Moore does sometimes unfairly target low-level grunts at the companies he invades. Low-level workers like these are usually just trying to do their jobs without getting fired, and their indifference is a survival tactic is a world that has learned to value stupidity and compliance over innovation. But Moore rightfully hates willing ignorance, whether it comes from the left or the right. Any bureaucratic blind, corporate malfeasance, or government screw-up on either side of the aisle—Moore will show up to make fun of it. Although he does prefer to cast himself as a hero of the working class, as evidenced in a quiz-show segment in the first season of The Awful Truth where he pits New York's upper crust against everyday denizens of Pittsburgh with questions like "What is you zip code?" Ironically, this "working class" show was broadcast on Bravo, a network for upper middle class liberal arts majors who think PBS is too socialist and can point out on a map where the Sundance Film Festival is held.
But when Moore is on target, when his anger is focused and his subject is willing to walk into the trap, the segments in The Awful Truth can be brilliant. When trying to offer the chairman of über-polluter RENCO an award for his environmental crimes, Moore ends up with a restraining order against him. Of course, this encourages him to put up a velvet rope to mark the demarcation line and guest on the Conan O'Brien shouting up to Conan's office. In another, remarkably prescient segment from the second season (before the 2000 presidential election), Moore offers an episode-length mini-documentary in which he runs a ficus tree as a congressional candidate in an otherwise unopposed race. The ficus (named, of course, Ficus) wins a substantial number of votes, but the head of elections in that county (who is also chair of the unopposed candidate's party) refuses to count the votes. Sound familiar?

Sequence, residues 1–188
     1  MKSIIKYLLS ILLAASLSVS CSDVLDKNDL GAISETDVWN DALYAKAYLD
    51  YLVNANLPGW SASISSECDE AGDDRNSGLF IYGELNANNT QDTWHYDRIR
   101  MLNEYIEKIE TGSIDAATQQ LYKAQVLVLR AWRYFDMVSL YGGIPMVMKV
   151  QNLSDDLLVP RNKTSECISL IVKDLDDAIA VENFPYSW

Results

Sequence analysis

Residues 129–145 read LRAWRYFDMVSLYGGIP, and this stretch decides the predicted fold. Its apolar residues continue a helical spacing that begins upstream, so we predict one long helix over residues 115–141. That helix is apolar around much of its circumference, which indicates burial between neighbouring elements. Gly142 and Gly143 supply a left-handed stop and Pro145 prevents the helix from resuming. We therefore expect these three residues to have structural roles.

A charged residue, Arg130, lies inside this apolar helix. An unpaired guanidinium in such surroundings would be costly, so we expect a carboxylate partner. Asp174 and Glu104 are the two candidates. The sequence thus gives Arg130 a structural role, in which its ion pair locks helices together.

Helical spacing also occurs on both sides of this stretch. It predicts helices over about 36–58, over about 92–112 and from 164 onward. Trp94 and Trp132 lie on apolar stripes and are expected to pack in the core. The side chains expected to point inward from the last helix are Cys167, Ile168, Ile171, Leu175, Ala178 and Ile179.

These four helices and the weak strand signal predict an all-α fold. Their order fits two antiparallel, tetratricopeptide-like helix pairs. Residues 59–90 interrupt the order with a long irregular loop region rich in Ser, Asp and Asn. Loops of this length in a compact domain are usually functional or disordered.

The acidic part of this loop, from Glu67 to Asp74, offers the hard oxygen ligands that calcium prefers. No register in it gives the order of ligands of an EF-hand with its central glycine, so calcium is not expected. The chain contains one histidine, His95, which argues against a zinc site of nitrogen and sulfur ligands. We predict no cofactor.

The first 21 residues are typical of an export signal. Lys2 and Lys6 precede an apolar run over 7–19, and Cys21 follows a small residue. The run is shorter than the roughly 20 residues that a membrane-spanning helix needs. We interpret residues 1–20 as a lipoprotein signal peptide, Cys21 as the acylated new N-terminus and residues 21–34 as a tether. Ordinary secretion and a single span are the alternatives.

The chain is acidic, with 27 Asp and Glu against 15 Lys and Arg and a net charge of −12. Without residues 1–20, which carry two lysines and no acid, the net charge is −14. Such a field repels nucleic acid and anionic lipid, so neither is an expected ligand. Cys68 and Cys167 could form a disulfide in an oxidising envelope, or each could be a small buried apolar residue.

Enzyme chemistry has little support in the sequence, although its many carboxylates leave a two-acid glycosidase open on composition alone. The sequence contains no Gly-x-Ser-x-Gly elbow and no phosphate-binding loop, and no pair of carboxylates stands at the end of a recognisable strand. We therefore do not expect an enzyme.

Other segments are too diffuse to have much impact. Moore tries to help turn Ted Turner's massive land holdings into an independent country. What has Turner done particularly wrong to deserve this? Other segments seem dated, even only a few years later, like a piece on Joe Camel.
In the show's second season, Moore jettisons the studio audience and turns The Awful Truth into a clone of TV Nation, shooting bridging segments in Times Square and employing correspondents to pick up half the stories. This works much better, as the segments have more sense of purpose. In the first season, too many filler segments were evidence that Moore was stretching himself too thin. In the second season, stories have a more investigative feel: Jay Martel interviews a man turned down for a job with the police because he tested too high on an IQ test; Karen Duffy teaches seniors kung fu so they can protect themselves from nursing home abuse.
Docurama offers the entire 24-episode run of The Awful Truth in one boxed set. The only significant extra is a set of four commentary tracks by Moore for some episodes in the second season. The tracks are a major disappointment: Moore has little to say other than describing the action on screen. I suspect that without the camera pointing at him, when he is not playing "Mike the working class guy," he is probably fairly shy, judging from his reticence to talk about himself here. He is also a fairly instinctive filmmaker, which gives him little to say in terms of technique. The result: these commentary tracks are pretty redundant.
But for the most part, The Awful Truth speaks for itself. Even with its flaws, it still offers powerful commentary on the hurdles our nation still has to overcome, and it does so with a sense of humor. These days, when any attempt to criticize public policy is considered borderline sedition, thanks to the concept of "homeland security" (and Moore even predicts this, in a second season segment where he hires cops to randomly frisk people on the street), we need all the satire we can get. Maybe some of those in power will eventually get a clue. But I doubt it.